If you have Windows server, you have WSUS. No need for third-party (though third-party often does it more nicely).

        There's no excuse, one you have more than a handful of computers, for not using WSUS for exactly what it's intended for - scheduling updates, revoking them, and centralising all Windows Update downloads in your organisation.

        1. Anonymous Coward
          Anonymous Coward

          Although you are correct I think that only distracts from the problems caused by MS updates. MS's new(ish) rolling update system does not seem to fit for purpose, but I'm sure if saves MS more than enough money to continue contributing to Senators and Congresspeople as they find expedient.

          I'll bet those contributions don't come cheap.

  11. Herby

    Microsoft's QA is working...

    ...just as planned. Welcome to beta test.

    1. big_D Silver badge
      Black Helicopters

      Re: Microsoft's QA is working...

      It is a subtle hint, didn't you notice? Only the OSes on life-support were affected.

  12. revenant

    Interesting set of victims

    My understanding from the article is that the systems affected were running Business or Enterprise AV software on earlier versions of WIndows.

    So this problem specifically hits businesses that haven't moved up (?) to Windows 10.


    1. OssianScotland

      Re: Interesting set of victims

      Server 2008R2 and 2012 were mentioned, so I don't think a Win10 upgrade will be a solution

    2. whitepines

      Re: Interesting set of victims

      Surely you mean "downgraded to Slurp Edition?"

      Hey, I like it! Let's call it Windows 10 SE !

  13. Numen

    W10 + AMP = '!'

    On one of our Windows 10 systems, running Cisco AMP, after the Tuesday patches went on we get a yellow '!' on the Windows Defender shield icon. When you look, it says "Virus and threat protection status unavailable, open Cisco AMP for Endpoints for information." The link it provides is to the AMP Connector, which won't open. Opening AMP directly, it thinks things are fine. I'd turn on AMP Connector Debugging if I could find where the log file for this is!

    Anyway, something seems off in the Connector interface.

  14. Pascal Monett Silver badge

    It's just the next step

    Before, we had all those Windows Update patches to avoid that every knowledgeable person had a list of. That worked not very well, so Microsoft is on to the next round of the same, but with a different excuse.

    The goal remains the same : get them all up to Slurp Edition.

  15. sequester

    Certificate revocation?

    If Microsoft shipped an update revoking code signing certificates for the software causing the problem, wouldn't that solve the problem? System-level crapware services would no longer start, and everything would be fine.

    1. whitepines

      Re: Certificate revocation?

      And who do you think would be sued when the machine gets a virus? Sure, the EULA might protect Microsoft...but then again, an average judge and jury might understand "Microsoft silently / remotely turned off the antivirus and the victim got a virus.". It's not rocket science. Even worse that victory might start undermining the other aspects of the EULAs....probably safer just to brick the machine, everyone understands updates break things, right?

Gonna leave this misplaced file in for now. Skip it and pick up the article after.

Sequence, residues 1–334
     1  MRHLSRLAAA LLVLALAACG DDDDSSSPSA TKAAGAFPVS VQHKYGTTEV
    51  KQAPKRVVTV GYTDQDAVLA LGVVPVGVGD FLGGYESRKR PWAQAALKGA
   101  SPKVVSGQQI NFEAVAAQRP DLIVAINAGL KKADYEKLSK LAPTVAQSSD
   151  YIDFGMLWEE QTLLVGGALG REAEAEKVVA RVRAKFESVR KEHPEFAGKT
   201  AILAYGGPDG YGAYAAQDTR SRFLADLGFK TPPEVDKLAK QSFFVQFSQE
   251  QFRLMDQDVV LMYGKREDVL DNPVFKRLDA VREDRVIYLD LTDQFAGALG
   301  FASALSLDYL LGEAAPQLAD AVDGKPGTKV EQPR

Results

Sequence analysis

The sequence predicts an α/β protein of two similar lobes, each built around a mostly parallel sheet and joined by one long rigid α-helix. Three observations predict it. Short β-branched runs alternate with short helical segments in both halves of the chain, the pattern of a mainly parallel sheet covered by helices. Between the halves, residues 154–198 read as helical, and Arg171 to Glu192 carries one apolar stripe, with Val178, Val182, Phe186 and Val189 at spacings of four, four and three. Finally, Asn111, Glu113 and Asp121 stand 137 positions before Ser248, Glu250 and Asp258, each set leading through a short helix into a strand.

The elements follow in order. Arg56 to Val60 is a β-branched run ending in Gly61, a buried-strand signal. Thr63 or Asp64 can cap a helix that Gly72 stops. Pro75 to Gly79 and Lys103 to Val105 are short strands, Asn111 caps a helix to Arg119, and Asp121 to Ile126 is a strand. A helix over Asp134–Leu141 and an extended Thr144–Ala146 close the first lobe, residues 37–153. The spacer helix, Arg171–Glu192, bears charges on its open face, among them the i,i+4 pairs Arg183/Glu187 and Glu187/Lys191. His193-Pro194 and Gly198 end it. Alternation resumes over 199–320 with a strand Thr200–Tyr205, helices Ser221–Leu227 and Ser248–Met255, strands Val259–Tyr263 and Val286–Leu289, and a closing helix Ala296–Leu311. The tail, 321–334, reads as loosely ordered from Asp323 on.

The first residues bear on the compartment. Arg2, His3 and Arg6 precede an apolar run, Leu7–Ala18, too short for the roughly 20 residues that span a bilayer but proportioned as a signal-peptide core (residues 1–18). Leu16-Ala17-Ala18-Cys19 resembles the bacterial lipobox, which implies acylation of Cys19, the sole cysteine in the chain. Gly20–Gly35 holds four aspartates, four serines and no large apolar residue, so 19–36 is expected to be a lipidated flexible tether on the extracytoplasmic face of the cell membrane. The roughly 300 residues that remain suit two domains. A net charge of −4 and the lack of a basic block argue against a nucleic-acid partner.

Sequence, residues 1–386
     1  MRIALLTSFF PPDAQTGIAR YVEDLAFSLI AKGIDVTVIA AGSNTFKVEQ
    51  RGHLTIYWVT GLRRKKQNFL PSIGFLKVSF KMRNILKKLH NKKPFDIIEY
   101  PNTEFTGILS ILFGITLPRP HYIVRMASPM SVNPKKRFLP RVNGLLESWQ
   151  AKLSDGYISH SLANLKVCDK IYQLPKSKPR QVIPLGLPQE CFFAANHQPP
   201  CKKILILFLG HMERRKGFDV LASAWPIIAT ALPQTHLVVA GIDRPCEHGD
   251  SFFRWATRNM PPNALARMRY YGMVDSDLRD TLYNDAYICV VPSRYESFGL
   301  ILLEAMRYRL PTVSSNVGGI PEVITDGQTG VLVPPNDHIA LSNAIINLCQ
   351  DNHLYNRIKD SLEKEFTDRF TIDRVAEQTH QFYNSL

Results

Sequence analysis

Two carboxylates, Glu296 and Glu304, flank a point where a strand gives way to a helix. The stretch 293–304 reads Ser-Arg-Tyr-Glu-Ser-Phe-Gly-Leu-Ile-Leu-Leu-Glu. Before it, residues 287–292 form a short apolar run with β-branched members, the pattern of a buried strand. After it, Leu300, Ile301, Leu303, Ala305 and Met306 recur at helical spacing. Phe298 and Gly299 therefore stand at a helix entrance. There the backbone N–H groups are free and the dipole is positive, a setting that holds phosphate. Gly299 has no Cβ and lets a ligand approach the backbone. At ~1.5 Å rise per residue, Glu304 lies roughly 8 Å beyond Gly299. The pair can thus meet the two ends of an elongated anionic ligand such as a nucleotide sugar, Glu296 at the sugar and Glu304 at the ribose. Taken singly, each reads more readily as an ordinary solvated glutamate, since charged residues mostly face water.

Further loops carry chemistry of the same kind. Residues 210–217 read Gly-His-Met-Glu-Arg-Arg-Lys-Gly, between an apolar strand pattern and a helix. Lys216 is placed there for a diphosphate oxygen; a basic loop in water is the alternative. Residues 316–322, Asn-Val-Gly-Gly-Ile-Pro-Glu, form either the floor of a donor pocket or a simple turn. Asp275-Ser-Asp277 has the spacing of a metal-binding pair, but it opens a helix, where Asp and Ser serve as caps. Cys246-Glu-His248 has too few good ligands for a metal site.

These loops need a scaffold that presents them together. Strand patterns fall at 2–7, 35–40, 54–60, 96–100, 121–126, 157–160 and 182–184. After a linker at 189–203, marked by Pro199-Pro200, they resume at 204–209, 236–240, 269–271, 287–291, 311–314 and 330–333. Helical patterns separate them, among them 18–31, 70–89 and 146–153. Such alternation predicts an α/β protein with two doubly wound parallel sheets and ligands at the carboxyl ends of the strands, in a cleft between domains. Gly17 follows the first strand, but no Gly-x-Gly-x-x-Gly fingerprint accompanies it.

16. Anonymous Coward

    And the solution being ..

    And the solution being to install Linux.

  17. Anonymous Coward
    Anonymous Coward

    ill make sure to watch out in a month

    people update to prod in patch tuesday week? Jesus no 1 month behind MS always. SCCM is a bulky beast but serves a purpose.

    And just Avast and Sophos affected, hmm doesnt sound like a real windows issue to me, symantc/Webroot rocking here and in global corp space, sounds more like Soph&A not following MS best practise for such tools, yet its Ms fault. ;o)

  18. Geekhillbilly

    Another Attempt to force a Win 10 downgrade

    I run neither Sophos or Avast but my Windows 7 64 bit setup was rendered unbootable by the April 9 update, forcing me to restore using the Monday system image backup. I disabled Windows update, figuring that this update was another attempt to force me to use the Windows 10 Spyware OS. As of now, I am preparing to move to Linux to get away from Micro$oft's BS.

  19. rmstock

    Happy Death Day 2U

    Are we sure it's not straight from the movie script ?

    "an unfortunate user has downloaded "the thing"

    [ .. ]

    And of course Windows 10, to which Microsoft would dearly like users to upgrade, is not affected by the borkening.

    Thanks to all the Reg readers who got in touch about this.

    We feel your pain. ® "

  20. Biggered

    Windows 10 & Avast

    Windows 10 has also been affected by this (1803 & 1809), during testing I've had issues on 3 W10 devices, which magically worked normally again once the update had been uninstalled in Safe mode.

    This was caught on the W7 devices on the first test device and reported to Avast (via Barracuda who now own Managed Workplace) and so hasn't gone any further.

    Avast have pushed out a micro update which needs to be installed and have a restart before the update then stops causing problems.

    Sophos look to be working around with exclusions.

    Fun all round....

    I shall no doubt be moaned at for taking so long on updates this month!